Since the focus is squarely on Dodge and Penny (and Sorry the dog), there isn’t much in the way of a supporting cast; there are quite a number of characters who pop up never to be seen or heard from again. Comedian Patton Oswalt seems particularly wasted (in both senses of the word) as Dodge’s friend at a dinner party. Derek Luke’s stereotypically chivalrous and tough ex-military type who was a former flame of Penny’s is okay, but his and several other characters do bring to the mind annoying one-off eccentrics who crop up in almost all road trip movies. William Petersen of C.S.I. fame seems to have packed on a few pounds and fares better as an amiable truck driver from whom Dodge and Penny hitch a ride. But the show is stolen by Martin Sheen, whose performance in the last act is absolutely heartbreaking.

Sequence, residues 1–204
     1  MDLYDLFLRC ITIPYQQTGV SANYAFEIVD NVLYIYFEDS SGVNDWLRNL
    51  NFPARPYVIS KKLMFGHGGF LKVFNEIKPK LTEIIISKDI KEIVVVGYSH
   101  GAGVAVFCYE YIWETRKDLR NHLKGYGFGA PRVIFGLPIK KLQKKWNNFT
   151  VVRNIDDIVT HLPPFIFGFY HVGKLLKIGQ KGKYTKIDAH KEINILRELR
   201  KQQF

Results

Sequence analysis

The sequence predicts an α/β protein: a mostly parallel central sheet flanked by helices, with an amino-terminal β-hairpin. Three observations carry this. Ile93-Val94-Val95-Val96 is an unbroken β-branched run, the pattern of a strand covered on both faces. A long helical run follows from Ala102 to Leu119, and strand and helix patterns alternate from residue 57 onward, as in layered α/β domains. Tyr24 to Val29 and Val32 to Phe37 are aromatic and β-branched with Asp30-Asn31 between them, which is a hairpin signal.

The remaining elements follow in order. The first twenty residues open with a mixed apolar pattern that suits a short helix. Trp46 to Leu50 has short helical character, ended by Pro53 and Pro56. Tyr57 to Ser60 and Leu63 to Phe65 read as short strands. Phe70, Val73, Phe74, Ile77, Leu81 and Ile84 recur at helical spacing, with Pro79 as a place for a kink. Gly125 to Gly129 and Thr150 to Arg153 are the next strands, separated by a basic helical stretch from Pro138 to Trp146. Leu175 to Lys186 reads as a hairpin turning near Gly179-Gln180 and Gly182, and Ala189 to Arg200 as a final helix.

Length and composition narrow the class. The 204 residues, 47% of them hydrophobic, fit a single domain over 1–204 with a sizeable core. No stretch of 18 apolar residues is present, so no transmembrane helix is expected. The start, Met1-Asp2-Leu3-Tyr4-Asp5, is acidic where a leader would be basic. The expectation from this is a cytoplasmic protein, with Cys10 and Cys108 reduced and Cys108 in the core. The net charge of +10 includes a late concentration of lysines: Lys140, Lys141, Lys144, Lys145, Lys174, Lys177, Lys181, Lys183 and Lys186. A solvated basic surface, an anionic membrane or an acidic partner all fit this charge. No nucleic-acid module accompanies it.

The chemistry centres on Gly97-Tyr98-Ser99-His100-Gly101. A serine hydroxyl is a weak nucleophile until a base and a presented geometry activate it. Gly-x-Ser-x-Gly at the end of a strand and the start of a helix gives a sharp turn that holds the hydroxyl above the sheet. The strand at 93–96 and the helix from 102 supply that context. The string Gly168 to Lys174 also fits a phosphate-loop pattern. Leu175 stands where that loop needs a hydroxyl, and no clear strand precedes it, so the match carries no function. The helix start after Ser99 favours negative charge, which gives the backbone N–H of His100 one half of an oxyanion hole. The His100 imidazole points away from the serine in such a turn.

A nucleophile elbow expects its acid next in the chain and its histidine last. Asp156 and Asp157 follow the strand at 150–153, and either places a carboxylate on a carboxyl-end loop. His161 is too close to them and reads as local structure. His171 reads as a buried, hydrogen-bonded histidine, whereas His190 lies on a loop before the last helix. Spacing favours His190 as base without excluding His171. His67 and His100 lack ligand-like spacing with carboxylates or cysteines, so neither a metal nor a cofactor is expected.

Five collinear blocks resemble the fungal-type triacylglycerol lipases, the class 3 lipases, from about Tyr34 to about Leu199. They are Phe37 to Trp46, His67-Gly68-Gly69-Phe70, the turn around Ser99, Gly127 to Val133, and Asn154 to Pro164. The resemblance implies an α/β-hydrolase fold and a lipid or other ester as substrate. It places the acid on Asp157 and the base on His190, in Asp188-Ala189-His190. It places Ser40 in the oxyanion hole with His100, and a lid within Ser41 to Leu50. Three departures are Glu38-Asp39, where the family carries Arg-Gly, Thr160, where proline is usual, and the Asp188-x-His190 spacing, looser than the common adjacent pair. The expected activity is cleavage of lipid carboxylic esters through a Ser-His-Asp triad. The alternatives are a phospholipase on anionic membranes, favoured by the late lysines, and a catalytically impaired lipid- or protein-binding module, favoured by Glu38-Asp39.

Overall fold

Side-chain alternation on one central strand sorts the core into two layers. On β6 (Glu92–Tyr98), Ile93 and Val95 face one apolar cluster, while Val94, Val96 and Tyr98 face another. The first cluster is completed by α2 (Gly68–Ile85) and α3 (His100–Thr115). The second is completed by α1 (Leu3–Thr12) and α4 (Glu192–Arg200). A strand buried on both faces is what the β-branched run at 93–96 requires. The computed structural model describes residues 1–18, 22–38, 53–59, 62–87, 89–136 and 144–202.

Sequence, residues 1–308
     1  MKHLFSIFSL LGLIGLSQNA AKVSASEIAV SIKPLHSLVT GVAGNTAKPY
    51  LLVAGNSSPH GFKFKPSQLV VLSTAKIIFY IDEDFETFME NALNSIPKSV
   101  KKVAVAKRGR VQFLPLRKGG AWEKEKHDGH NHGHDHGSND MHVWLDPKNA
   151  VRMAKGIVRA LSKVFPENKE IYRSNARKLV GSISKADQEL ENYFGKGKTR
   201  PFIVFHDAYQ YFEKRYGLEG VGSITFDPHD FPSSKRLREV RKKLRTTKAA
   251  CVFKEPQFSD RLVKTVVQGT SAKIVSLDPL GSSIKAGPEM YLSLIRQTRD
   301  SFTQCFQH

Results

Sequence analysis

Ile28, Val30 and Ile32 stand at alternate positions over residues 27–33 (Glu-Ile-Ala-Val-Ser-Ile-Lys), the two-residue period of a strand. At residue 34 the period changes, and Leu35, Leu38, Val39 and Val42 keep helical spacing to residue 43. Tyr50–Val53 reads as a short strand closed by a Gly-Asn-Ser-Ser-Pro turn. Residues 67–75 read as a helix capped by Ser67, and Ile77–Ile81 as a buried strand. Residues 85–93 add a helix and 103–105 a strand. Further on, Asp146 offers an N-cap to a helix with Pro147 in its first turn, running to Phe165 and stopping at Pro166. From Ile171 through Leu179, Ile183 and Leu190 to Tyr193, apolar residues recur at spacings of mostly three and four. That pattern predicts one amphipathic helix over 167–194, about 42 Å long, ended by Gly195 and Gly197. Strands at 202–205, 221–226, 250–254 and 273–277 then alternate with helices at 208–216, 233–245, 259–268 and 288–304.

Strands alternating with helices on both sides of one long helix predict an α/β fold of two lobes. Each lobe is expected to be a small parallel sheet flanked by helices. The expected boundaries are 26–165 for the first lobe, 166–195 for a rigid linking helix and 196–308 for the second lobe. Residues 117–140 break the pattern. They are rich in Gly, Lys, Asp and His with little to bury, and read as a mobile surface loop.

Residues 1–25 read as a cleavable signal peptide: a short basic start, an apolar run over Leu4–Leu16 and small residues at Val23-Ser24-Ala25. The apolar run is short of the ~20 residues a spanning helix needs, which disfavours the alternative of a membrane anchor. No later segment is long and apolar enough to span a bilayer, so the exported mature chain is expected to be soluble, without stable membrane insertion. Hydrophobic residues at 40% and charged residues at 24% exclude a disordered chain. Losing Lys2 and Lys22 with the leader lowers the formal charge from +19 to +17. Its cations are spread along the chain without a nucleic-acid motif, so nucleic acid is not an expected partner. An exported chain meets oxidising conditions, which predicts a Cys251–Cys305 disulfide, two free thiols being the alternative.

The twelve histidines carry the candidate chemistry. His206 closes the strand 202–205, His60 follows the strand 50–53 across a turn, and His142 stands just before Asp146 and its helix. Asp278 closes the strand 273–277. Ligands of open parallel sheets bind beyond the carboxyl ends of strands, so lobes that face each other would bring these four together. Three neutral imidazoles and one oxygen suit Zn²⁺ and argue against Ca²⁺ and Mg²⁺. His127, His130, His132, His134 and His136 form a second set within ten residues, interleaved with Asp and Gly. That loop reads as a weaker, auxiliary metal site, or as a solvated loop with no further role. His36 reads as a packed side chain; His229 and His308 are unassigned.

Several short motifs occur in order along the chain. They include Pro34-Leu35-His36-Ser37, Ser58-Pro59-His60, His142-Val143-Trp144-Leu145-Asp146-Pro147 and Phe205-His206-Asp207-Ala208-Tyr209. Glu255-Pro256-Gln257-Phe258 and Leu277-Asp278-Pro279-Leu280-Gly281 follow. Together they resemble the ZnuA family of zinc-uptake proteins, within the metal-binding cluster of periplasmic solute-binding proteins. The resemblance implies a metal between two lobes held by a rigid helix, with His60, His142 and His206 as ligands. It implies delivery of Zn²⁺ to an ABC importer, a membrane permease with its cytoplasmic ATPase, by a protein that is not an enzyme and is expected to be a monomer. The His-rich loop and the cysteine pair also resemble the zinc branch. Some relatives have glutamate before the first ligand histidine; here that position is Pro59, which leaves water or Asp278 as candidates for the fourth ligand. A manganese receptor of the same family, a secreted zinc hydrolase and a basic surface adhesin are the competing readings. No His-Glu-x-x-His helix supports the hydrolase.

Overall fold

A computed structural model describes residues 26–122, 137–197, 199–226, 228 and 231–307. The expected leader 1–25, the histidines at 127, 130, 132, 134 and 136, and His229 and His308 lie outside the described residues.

Props have to be given to Scafaria for tackling such an unusual and ambitious topic in a comedy and it seems she has started a trend – look out for Seth Rogen’s End of the World next year, starring Rogen and a bunch of his celebrity pals as themselves at a party when doomsday unexpectedly comes knocking. Scafaria also shows a knack for writing sweet, non-cheesy romantic and emotional scenes. So in the end (heh) it’s quite a waste that she felt the need to embellish this story with several off-key, off-kilter comedic touches.

SUMMARY: Seeking a Friend seeks to blend cynical, unsettling comedy with nice touches of the sentimental, but they are even odder bedfellows than Steve Carell and Keira Knightley.


Jedd Jong Yue